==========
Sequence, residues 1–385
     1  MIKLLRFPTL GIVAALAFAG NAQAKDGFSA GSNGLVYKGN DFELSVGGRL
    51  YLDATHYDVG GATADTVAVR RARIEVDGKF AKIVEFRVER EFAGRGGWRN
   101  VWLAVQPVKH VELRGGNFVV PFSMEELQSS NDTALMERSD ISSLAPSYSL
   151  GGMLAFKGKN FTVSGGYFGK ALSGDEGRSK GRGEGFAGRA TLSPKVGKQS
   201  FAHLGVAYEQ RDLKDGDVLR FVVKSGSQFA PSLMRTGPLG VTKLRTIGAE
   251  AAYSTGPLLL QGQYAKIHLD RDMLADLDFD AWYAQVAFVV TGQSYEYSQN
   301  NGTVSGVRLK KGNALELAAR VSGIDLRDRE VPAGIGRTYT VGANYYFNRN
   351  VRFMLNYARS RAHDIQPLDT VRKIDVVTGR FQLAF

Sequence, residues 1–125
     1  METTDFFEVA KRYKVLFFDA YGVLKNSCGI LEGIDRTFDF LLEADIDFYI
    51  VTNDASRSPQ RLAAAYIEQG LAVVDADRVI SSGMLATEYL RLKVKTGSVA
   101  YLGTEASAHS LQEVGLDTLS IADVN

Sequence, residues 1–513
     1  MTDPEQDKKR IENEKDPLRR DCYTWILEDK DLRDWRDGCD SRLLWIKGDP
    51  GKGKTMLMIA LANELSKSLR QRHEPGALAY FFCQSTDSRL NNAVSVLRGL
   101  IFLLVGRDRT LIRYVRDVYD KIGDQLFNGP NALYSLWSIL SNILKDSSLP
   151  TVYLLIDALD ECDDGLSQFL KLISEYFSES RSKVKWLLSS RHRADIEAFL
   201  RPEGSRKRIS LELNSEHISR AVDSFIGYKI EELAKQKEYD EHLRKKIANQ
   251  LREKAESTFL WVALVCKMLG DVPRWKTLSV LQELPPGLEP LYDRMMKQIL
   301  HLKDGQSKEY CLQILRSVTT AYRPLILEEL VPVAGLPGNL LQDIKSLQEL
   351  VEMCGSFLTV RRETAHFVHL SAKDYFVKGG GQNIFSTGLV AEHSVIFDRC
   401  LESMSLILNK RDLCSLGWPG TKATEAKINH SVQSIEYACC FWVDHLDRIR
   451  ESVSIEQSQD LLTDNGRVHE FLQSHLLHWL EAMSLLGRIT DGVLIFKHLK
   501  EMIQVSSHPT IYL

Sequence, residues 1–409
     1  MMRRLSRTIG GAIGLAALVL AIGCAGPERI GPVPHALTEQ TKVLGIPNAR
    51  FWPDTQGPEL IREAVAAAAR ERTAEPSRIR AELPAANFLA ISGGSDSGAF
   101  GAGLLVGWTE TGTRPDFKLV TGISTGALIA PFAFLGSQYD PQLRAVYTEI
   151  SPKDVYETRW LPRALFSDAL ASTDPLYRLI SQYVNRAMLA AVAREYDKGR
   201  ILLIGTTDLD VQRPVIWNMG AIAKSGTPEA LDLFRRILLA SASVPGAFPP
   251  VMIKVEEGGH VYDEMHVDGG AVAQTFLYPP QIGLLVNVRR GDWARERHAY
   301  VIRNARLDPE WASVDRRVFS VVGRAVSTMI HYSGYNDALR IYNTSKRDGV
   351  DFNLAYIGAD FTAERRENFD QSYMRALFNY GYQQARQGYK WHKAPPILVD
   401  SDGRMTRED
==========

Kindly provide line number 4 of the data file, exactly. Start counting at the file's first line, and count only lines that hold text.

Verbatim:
   101  VWLAVQPVKH VELRGGNFVV PFSMEELQSS NDTALMERSD ISSLAPSYSL